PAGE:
[264 265 266 267 268 269]
[270 271 272 273 274 275]
[276 277 278 279 280 281]
[282 283 284 285 286 287]]]]
```

#### Author’s Reorg Result

The output tensor of shape [2, 16, 3, 3] from the author’s reorg layer:

```
[[[[ 0 2 4]
[ 6 8 10]
[ 24 26 28]]
[[ 30 32 34]
[ 48 50 52]
[ 54 56 58]]
[[ 72 74 76]
[ 78 80 82]
[ 96 98 100]]
[[102 104 106]
[120 122 124]
[126 128 130]]
[[ 1 3 5]
[ 7 9 11]
[ 25 27 29]]
[[ 31 33 35]
[ 49 51 53]
[ 55 57 59]]
[[ 73 75 77]
[ 79 81 83]
[ 97 99 101]]
[[103 105 107]
[121 123 125]
[127 129 131]]
[[ 12 14 16]
[ 18 20 22]
[ 36 38 40]]
[[ 42 44 46]
[ 60 62 64]
[ 66 68 70]]
[[ 84 86 88]
[ 90 92 94]
[108 110 112]]
[[114 116 118]
[132 134 136]
[138 140 142]]
[[ 13 15 17]
[ 19 21 23]
[ 37 39 41]]
[[ 43 45 47]
[ 61 63 65]
[ 67 69 71]]
[[ 85 87 89]
[ 91 93 95]
[109 111 113]]
[[115 117 119]
[133 135 137]
[139 141 143]]]
[[[144 146 148]
[150 152 154]
[168 170 172]]
[[174 176 178]
[192 194 196]
[198 200 202]]
[[216 218 220]
[222 224 226]
[240 242 244]]
[[246 248 250]
[264 266 268]
[270 272 274]]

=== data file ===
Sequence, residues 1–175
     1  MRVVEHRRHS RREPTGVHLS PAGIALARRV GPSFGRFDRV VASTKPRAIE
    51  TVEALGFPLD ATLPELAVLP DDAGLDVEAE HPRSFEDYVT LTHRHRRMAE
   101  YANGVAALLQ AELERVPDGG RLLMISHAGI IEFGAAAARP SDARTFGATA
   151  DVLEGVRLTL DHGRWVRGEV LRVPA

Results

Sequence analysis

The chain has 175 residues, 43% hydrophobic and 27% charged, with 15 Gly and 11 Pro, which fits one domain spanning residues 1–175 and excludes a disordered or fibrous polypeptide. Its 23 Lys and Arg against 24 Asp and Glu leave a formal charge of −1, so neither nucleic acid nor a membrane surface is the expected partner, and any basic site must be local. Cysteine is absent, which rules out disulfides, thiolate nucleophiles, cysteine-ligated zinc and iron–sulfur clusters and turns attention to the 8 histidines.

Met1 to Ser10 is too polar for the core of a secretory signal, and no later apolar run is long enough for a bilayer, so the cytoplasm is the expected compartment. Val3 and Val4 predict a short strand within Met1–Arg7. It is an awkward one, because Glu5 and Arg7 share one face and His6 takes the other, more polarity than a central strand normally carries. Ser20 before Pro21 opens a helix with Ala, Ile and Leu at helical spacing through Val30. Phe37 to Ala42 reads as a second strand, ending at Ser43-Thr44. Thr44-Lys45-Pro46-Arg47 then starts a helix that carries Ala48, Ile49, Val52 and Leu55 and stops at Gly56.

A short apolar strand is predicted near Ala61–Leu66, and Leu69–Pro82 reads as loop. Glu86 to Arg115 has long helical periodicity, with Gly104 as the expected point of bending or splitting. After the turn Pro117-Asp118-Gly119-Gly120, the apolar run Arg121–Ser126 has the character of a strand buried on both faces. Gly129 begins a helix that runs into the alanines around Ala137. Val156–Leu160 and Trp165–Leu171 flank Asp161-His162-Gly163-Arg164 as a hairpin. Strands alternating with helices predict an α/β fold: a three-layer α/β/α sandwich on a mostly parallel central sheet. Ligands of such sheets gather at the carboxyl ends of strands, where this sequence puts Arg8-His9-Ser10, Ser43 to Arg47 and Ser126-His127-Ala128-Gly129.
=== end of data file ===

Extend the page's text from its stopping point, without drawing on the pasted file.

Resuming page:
[[145 147 149]
[151 153 155]
[169 171 173]]
[[175 177 179]
[193 195 197]
[199 201 203]]
[[217 219 221]
[223 225 227]
[241 243 245]]
[[247 249 251]
[265 267 269]
[271 273 275]]
[[156 158 160]
[162 164 166]
[180 182 184]]
[[186 188 190]
[204 206 208]
[210 212 214]]
[[228 230 232]
[234 236 238]
[252 254 256]]
[[258 260 262]
[276 278 280]
[282 284 286]]
[[157 159 161]
[163 165 167]
[181 183 185]]
[[187 189 191]
[205 207 209]
[211 213 215]]
[[229 231 233]
[235 237 239]
[253 255 257]]
[[259 261 263]
[277 279 281]
[283 285 287]]]]
```

This result is not the same as what the public people were expecting, which means that all those people were wrong.

#### My Reorg Result

The output tensor of shape [2, 16, 3, 3] from my reorg layer:

```
[[[[ 0 2 4]
[ 12 14 16]
[ 24 26 28]]
[[ 36 38 40]
[ 48 50 52]
[ 60 62 64]]
[[ 72 74 76]
[ 84 86 88]
[ 96 98 100]]
[[108 110 112]
[120 122 124]
[132 134 136]]
[[ 1 3 5]
[ 13 15 17]
[ 25 27 29]]
[[ 37 39 41]
[ 49 51 53]
[ 61 63 65]]
[[ 73 75 77]
[ 85 87 89]
[ 97 99 101]]
[[109 111 113]
[121 123 125]
[133 135 137]]
[[ 6 8 10]
[ 18 20 22]
[ 30 32 34]]
[[ 42 44 46]
[ 54 56 58]
[ 66 68 70]]
[[ 78 80 82]
[ 90 92 94]
[102 104 106]]
[[114 116 118]
[126 128 130]
[138 140 142]]
[[ 7 9 11]
[ 19 21 23]
[ 31 33 35]]
[[ 43 45 47]
[ 55 57 59]
[ 67 69 71]]
[[ 79 81 83]
[ 91 93 95]
[103 105 107]]
[[115 117 119]
[127 129 131]
[139 141 143]]]
[[[144 146 148]